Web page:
5. Do you have the time to focus on social media? Social media, like any other marketing/customer service effort, will take time out of your day. But, like checking your email or attending a meeting, if you believe it to be important to the success of your business, or your personal brand, you will find the time. A rule of thumb that works well for me is, and I can’t recall where I first heard it, “If you have time to schedule and attend a meeting…you have time for social media”.
  6. What social media tools will you use? Whether it’s wiki, blog, Twitter, Facebook, or any of the other avenues you could choose from, you need to decide which will be the best one for you depending on who your intended audience is. Take a little time and do some research to see just where your intended audience is, and they may not be using social media yet, to see if your choice is worth the time before you jump head first.
  7. Are you patient? Just like finding the time for social media, you need to understand that it will take time. Unless you are already a well known individual in the public eye, and being a legend in your own mind doesn’t count, then it will take time to grow your audience. You are also going to have to live with some people either not buying into your idea or talking negatively about your company, or personal brand. Don’t try to judge your success by the successes of others, but don’t throw in the towel early because it’s not doing what you think it should. You didn’t start a company just to quit did you? Treat your social media the same way.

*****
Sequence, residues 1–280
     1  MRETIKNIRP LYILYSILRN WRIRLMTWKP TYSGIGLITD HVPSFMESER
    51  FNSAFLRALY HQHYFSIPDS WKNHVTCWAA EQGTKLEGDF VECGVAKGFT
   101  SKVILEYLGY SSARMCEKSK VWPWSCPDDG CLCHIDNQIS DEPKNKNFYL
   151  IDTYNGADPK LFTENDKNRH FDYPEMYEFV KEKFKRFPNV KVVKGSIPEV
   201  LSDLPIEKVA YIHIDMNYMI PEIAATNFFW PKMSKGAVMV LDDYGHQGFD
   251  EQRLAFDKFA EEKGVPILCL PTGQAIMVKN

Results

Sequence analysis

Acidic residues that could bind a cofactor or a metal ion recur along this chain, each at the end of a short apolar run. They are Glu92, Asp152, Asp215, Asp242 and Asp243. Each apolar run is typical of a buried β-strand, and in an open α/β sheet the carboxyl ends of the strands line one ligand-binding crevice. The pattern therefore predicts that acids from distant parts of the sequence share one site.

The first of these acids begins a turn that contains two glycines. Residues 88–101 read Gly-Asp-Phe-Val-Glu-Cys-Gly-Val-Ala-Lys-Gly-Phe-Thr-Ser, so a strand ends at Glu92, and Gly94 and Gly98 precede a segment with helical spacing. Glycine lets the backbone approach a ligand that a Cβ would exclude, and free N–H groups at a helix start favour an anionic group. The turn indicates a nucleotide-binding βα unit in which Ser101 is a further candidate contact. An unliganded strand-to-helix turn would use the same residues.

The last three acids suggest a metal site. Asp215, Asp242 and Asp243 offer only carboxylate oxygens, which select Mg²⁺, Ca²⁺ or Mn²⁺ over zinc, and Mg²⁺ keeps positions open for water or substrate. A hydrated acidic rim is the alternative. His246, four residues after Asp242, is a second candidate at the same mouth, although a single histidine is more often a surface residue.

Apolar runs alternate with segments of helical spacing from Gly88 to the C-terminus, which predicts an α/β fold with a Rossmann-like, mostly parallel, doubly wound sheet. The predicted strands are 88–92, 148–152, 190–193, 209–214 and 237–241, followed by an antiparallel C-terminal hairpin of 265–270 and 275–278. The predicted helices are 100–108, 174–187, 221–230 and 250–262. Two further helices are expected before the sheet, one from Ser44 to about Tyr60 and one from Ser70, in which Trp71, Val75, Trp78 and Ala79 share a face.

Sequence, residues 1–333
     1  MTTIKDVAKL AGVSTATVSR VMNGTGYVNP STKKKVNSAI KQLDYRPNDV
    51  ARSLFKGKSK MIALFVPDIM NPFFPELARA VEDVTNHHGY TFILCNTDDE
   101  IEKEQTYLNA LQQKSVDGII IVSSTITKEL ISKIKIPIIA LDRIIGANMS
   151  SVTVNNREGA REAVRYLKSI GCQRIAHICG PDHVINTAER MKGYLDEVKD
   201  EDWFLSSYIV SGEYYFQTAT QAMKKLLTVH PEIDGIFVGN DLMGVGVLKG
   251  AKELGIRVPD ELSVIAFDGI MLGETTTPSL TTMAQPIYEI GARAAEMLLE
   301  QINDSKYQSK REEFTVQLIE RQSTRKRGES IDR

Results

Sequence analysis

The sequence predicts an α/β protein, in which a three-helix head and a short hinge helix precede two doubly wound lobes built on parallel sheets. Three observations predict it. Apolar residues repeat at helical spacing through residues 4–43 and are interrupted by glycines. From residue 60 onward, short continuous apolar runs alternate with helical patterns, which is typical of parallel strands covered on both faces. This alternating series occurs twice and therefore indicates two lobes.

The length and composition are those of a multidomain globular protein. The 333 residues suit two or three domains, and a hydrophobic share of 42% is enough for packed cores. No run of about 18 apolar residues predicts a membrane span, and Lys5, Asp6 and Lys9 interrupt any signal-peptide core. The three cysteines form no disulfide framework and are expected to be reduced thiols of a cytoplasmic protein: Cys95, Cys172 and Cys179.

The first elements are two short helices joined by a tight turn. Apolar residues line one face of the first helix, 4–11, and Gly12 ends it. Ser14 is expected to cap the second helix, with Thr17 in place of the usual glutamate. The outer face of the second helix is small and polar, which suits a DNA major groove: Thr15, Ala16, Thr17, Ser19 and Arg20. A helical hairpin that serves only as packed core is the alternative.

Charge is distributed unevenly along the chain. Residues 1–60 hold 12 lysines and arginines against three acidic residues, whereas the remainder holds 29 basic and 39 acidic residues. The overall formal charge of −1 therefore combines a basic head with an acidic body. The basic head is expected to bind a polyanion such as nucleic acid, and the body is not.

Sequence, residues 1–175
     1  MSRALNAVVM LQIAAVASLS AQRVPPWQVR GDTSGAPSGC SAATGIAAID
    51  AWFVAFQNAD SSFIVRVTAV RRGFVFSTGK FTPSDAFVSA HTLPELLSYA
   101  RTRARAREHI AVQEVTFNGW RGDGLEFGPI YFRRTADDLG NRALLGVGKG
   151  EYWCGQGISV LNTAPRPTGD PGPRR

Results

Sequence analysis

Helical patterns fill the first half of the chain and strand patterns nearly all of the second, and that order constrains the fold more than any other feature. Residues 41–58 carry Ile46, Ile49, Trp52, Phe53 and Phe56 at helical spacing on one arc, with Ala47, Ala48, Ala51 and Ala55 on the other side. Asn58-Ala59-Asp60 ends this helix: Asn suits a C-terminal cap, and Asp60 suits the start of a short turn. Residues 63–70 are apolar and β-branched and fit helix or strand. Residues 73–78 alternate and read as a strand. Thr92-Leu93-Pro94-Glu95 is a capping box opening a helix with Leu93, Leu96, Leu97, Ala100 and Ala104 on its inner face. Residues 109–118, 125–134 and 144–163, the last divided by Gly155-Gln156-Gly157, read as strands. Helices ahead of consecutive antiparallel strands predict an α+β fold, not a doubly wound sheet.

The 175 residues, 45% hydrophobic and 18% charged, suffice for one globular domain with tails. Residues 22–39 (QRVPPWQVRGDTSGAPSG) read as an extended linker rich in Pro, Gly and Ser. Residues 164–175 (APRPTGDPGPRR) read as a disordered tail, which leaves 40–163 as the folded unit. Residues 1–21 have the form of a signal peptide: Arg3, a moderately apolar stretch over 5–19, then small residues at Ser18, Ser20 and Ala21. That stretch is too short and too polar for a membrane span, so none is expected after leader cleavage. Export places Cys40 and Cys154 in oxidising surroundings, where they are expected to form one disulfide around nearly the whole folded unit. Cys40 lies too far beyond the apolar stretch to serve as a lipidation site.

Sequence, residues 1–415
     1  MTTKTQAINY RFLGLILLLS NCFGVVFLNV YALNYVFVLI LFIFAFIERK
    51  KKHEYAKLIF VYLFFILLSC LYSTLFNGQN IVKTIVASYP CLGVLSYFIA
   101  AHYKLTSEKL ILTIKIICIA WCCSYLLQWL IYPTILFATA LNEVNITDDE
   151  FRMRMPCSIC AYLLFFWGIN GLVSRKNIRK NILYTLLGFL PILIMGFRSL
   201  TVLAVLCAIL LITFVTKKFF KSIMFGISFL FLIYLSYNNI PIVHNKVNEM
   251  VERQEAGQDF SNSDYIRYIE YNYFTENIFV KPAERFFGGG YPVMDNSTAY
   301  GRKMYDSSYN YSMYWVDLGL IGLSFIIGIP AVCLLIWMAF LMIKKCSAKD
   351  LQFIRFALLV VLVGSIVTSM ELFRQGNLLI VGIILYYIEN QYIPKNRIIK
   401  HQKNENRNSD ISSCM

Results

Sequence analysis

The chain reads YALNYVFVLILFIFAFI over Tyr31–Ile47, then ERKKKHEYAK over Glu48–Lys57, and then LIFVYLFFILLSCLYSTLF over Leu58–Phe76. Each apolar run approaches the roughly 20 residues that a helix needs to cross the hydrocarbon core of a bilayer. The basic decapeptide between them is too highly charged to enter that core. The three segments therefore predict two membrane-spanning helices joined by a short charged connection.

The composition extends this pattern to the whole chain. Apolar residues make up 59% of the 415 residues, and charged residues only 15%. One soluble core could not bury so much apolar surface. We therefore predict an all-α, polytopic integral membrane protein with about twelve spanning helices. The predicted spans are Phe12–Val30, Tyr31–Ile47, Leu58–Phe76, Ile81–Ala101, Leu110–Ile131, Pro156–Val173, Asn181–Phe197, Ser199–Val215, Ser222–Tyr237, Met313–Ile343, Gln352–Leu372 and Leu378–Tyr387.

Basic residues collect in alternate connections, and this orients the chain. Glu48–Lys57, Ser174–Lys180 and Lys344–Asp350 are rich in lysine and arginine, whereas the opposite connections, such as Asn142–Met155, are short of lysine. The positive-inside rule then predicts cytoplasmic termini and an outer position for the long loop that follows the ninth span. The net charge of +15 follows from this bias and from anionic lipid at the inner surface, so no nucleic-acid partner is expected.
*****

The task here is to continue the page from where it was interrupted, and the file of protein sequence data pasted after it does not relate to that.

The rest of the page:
8. What will you determine as success? Will it be number of follower (which I don’t recommend)? Will it be how often your messages are shared? Will it be how many of your followers take an action on your behalf/request? That is really up to you, but I implore you to be realistic about your goals. Remember, you will need patience, clear intentions, and an ability to weather the storm as it comes, but success is ultimately determined by you, your efforts, and your choices.

What I can tell you is that if you are looking for a quick solution, or instant boost in sales, then social media is not for you. There, I said it. I’m sure you’re expecting me to say that no matter who you are or what you do that you should jump on the social media band wagon, but I’m sorry that’s not true. It has to make sense for you, your brand, or your company.

I would love your thoughts on this post or if there are other things you think people should keep in mind in the comments below. You can reach me on Twitter by sending a message to @wickedjava, or on Facebook at facebook.com/mcdougherty.

As all ways, if you have been reading, thank you and stay wicked.

The Beauty of Keeping It Simple…

December 22nd, 2009 ::

In my last post “What is this ROI thing” I posted that “…marketing really comes down to the simple questions we learned in school. Who, What, When, Where, Why, and How.” Did I shock and offend a few people by simplifying that? More than likely I didn’t, but I have found that people who get easily offended by someone exposing the initial simplicity of something are ultimately trying to keep everyone else from knowing how simple it is as well.

There is no reason, in my opinion, that someone should just put a shingle on their door and expect customers to expect to know they are there and open. There are a laundry list of reasons that most businesses don’t make it past the two year mark and over all I see that as poor planning across the board. I have known more than my fair share of start-ups or small business owners that have forgone a marketing strategy in their first year or two because they have viewed it as too costly, confusing, or complicated. When in reality, that fear kept them from reaching a wider customer base or audience.